Abstract: Got streaming event data? Need to join events together? That's a streaming graph search problem: find the pattern of related events to join with the next event in the stream. Joining events from streams used to require a combination of: lots of key-value caches, handling out-of-order data, time windows, accepting data loss, and changing your architecture every time the pattern changes. Quine is designed to make streaming graph search just a matter of writing a database query—and scalable to millions of events per second. Voted the "Best Open Source Project of 2022" by HackerNoon, Quine is essentially an event-triggered streaming graph database. It's most novel feature is the "standing query": graph queries that stay active, propagating efficiently and automatically as the data changes. This talk will explore how Quine works and how to use it to find complex patterns in real-time, even when they are spread out in high-volume event streams.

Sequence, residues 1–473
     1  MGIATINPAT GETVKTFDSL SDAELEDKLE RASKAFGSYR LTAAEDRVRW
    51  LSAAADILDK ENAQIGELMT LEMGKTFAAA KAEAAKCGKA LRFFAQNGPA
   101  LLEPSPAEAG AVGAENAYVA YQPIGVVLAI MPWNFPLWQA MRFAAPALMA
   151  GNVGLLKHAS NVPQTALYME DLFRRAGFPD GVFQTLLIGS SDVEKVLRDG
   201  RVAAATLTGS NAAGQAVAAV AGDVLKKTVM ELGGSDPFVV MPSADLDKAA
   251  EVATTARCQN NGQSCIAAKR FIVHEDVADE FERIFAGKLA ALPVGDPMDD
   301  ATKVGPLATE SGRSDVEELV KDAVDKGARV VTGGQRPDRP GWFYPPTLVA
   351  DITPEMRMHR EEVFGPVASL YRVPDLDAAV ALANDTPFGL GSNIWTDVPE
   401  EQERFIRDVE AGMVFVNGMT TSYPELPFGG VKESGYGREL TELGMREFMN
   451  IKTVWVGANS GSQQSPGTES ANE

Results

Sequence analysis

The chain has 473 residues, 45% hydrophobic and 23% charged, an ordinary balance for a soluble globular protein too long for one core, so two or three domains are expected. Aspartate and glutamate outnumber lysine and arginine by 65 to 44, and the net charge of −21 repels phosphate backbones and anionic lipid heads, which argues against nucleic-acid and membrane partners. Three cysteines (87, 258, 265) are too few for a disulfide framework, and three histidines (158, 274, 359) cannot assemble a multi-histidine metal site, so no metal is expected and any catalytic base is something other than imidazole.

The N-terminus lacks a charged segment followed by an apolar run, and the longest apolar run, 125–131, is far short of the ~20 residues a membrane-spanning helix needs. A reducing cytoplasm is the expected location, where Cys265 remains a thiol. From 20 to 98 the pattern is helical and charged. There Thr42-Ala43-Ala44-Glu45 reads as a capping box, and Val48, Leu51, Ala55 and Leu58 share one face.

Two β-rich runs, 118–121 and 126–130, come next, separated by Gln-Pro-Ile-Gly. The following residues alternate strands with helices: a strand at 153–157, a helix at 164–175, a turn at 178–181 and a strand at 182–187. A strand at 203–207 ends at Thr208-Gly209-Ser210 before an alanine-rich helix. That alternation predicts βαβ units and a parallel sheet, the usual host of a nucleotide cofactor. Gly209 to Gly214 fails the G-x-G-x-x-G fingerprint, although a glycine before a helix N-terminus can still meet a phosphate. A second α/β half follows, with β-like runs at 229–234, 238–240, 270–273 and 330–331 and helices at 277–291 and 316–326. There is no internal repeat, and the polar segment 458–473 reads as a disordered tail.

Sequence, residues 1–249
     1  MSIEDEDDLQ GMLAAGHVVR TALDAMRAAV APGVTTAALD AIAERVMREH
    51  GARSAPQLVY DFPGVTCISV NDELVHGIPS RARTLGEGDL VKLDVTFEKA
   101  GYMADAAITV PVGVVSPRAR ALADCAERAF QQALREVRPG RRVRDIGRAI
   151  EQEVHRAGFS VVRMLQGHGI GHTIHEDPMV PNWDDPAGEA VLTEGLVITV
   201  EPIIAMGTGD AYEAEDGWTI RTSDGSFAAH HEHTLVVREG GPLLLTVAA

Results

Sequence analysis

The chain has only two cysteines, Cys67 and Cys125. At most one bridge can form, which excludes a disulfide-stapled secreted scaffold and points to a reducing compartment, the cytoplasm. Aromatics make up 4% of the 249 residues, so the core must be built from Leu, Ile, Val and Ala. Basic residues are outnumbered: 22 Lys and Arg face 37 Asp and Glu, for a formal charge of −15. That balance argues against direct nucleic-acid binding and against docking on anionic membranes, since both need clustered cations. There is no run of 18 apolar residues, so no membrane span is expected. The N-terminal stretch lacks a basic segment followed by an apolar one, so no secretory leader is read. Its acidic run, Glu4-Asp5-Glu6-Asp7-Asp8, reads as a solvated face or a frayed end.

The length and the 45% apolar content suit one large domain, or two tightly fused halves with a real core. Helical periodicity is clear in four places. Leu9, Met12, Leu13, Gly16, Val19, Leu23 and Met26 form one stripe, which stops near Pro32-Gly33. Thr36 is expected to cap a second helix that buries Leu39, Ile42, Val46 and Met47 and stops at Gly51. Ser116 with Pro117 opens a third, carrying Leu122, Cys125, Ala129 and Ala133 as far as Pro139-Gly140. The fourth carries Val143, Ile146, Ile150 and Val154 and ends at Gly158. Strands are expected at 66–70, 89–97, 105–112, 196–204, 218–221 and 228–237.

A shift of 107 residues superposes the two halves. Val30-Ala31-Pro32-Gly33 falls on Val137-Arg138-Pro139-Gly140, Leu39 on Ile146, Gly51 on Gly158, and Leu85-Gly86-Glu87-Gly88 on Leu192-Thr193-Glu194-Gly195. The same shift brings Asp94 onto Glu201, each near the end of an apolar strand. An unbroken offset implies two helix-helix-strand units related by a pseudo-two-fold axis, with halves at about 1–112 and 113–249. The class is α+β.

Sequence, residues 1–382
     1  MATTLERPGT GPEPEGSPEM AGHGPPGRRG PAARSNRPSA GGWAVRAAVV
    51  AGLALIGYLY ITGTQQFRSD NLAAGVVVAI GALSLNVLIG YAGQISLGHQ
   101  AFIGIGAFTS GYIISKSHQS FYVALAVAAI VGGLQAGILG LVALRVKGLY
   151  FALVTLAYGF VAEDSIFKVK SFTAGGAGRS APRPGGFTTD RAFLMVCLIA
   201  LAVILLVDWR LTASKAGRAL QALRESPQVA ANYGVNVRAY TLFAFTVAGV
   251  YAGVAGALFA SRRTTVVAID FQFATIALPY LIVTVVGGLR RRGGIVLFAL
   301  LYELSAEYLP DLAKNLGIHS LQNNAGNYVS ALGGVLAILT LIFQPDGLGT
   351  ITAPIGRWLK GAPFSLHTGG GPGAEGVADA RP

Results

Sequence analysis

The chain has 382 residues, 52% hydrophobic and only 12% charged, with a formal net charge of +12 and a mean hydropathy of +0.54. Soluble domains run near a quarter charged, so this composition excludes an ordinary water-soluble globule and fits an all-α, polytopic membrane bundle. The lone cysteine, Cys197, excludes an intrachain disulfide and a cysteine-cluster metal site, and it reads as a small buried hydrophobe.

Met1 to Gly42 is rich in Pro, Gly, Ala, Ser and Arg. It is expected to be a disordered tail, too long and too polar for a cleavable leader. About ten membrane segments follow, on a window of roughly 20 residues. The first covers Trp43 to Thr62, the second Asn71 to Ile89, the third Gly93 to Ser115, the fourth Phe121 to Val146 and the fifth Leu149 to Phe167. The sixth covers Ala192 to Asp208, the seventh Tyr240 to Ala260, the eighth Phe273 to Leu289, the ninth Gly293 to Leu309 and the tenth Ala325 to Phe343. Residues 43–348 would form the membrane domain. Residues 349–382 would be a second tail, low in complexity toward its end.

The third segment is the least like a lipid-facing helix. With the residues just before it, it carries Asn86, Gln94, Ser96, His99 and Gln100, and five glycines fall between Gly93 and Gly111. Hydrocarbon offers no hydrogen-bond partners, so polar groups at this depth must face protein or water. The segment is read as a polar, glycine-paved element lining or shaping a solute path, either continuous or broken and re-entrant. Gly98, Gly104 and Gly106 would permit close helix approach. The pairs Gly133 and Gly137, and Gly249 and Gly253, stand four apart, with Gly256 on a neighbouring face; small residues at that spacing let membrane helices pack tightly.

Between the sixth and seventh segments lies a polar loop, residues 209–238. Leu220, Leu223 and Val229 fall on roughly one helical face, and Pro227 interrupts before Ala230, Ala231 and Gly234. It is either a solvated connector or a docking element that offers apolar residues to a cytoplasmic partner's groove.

Bio: Ryan Wright is the creator of Quine, and has been leading software teams focused on data infrastructure and data science for two decades. He has served as principal engineer, director of engineering, principal investigator on DARPA-funded research programs, and is currently the founder and CEO of thatDot—the company supporting Quine. Ryan particularly enjoys taking the philosophical ends of computer science—usually problems related to language, meaning, and data—and making them more practical.